Writing a novel is a little bit like raising a teenager. Or, so I assume. I haven't yet had the pleasure of raising a teenager. But, from what I gather, they're pretty much the same thing.
Every parent gets to a point where it's time to take a deep breath, drop your kid of somewhere far from home, and pay someone else a buttload of money to turn them into a respectable member of society. To me, that's bares a terrifying similarity to the author/novel relationship. It's where I find myself right now, in fact.
Think about it. You've coddled and cooed to your "work-in-progress" for so long now that people have started staring at you in the self-checkout line at Stop & Shop. Sometimes, you let others look at your novel (kid) and half-heartedly listen to their concerns and thoughts on possible improvement. Maybe you've even bragged about your book (kid) on social media so much so that your closest family and friends have blocked you. No one wants to see pictures of your kid anymore... or hear about the novel you've been working on for the better part of the last few years. It's time to let go.
You've done enough.
Whatever will be, will be... right? At some point, you just can't edit anymore. You can't show it to anymore betas. You just need to open up the front door and say, "We need your room for our new craft-space/Ebay-room. So, get out."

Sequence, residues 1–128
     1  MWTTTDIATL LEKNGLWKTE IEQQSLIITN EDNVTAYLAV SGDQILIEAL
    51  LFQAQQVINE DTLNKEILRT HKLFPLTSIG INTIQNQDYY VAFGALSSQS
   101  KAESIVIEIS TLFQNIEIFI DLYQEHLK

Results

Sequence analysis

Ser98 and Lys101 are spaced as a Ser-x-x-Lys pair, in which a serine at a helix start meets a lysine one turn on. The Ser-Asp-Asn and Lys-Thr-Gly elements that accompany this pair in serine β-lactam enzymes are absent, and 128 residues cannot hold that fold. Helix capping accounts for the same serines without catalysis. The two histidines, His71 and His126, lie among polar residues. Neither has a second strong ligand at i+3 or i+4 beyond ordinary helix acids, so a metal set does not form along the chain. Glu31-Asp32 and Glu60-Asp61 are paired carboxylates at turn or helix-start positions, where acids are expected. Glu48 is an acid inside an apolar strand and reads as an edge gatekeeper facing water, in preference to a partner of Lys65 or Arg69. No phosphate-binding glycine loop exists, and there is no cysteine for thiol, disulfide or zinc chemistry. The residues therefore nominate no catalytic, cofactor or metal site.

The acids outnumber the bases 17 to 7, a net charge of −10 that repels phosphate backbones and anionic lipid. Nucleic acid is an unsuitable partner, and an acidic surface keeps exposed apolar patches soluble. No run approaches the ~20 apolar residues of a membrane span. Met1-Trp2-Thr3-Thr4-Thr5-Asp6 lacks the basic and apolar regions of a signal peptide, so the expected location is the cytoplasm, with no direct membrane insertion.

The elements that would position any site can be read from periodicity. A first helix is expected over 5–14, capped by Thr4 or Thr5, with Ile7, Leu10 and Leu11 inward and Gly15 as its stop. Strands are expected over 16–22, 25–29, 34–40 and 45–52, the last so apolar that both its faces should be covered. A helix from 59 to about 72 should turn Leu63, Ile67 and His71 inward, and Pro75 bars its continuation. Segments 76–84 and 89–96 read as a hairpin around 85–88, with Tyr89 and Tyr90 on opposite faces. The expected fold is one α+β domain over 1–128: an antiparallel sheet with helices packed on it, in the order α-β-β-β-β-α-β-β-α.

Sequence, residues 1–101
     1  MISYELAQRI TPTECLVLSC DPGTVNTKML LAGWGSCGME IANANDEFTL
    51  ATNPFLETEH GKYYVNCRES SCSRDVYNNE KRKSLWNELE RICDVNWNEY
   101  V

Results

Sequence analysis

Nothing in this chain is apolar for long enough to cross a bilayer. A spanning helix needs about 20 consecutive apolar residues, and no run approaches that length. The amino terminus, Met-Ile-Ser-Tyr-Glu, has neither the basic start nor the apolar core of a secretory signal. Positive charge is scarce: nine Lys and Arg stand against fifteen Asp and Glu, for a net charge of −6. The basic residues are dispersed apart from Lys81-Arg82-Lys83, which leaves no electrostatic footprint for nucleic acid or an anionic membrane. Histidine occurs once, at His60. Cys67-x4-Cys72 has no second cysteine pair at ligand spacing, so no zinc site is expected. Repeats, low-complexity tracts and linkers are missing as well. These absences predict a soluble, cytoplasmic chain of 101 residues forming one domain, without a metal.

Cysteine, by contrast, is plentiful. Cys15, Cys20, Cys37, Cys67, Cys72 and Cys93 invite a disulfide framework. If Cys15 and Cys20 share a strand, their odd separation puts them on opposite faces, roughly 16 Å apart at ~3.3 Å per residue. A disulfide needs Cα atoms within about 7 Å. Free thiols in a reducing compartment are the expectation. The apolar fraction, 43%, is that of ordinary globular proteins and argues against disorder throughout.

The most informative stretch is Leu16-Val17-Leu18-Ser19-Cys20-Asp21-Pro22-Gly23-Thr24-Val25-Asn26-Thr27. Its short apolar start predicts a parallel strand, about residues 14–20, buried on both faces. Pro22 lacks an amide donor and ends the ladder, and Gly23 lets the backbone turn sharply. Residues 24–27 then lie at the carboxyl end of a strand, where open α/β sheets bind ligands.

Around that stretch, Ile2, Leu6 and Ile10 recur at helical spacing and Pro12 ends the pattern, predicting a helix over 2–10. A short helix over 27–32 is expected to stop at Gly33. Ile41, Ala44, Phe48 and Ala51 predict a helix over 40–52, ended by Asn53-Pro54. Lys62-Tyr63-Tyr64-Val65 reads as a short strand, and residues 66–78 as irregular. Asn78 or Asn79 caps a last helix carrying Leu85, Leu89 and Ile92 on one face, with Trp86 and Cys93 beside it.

While I'm not 100% there just yet (and who ever really is), I think I'm super close. I've nurtured this thing and pushed it along the best I know how. It's time to put it in someone else's hands and see what comes back. Sure, on some cold winter nights, I'll be sitting at home wondering what kind of shenanigans my novel is getting into. I'll be worried that it will connect with the wrong crowd and come back home to me unrecognizable and a total waste of my time and money.
God, that sounds awful. That's not going to happen, right?
Ah, well. The point is, sometimes it is just freaking time. Enough is enough.